In the countryside town of Stow-on-the-Wold in Gloucestershire, near Bristol in England, the agency McLean Quinlan Architects adopts a radical approach in the renovation of this old barn.
Following a previous renovation is mediocre; the Agency demolished the building, use stone retrieval and imagines adding two new wings built naturally into the landscape, such as traditional farm buildings.
About The Project:
A radical approach was required for this converted barn sited in open countryside. As the previous conversion had been so poor, we decided to demolish the building and using the salvaged stonework, start again with the addition of two new wings and a swimming pool.
A new build meant the standard of construction and insulation would be of the very highest standard and had the added benefit of being zero rated for VAT.
The aim of the design concept was to create a house that sat naturally in the landscape and appear to be a traditional agricultural building.We had worked on the client’s London home and they were keen to have our design ideas for their new weekend/holiday house. The brief included a large kitchen/family room, six bedrooms, four bathrooms, playroom, utility room, boot room, gym and changing rooms and an outdoor pool.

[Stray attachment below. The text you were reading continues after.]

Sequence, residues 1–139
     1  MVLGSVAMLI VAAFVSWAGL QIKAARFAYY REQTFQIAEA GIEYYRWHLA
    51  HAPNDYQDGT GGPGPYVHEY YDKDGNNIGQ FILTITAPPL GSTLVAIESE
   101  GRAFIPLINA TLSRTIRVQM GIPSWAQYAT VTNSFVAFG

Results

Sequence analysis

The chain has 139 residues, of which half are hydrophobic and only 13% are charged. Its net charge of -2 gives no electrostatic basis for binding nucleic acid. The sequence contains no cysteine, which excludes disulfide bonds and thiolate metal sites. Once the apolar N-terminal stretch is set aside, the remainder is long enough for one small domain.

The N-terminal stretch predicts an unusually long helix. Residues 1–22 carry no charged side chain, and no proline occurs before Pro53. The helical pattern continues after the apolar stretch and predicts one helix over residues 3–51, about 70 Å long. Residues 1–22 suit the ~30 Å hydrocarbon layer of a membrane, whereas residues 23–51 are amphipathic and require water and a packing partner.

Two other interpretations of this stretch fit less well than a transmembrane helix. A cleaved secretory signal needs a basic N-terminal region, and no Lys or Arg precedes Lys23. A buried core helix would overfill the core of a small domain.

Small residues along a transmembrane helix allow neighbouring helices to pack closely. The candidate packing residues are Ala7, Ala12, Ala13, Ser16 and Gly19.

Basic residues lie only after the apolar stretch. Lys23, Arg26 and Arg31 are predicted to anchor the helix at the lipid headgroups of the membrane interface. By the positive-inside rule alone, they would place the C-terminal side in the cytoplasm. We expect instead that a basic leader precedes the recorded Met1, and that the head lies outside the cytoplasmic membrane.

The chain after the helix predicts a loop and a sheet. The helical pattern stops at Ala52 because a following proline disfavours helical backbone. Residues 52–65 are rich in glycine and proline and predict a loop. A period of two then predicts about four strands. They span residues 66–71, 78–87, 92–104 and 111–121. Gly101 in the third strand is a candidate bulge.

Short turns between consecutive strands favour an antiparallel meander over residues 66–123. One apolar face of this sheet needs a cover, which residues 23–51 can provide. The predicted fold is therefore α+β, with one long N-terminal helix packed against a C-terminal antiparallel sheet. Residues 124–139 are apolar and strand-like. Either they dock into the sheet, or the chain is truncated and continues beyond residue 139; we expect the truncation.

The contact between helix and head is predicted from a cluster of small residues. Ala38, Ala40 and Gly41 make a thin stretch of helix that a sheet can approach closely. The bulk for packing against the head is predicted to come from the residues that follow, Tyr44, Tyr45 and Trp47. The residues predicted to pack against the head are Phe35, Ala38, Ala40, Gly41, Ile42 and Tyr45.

The house needed to be very practical in the way it related to the outside and the entrance and boot room were key to the design, allowing their four children and friends to come and go, while leaving the house relatively unscathed by the inevitable mud and muck of the countryside.
The design of the main barn and the decision to create the 9m high single space created exciting architectural drama. The structural elements were green oak with an oak boarded ceiling to give a sense of warmth to the large space and a large contemporary fireplace was also designed in proportion to the space.
Throughout, the pallet of materials used internally was kept simple: Cotswold stone floors, oak floors, beams, doors and ceilings and white painted plasterwork. The energy to run the under-floor heating is created by ground source heat pumps buried in adjacent land.
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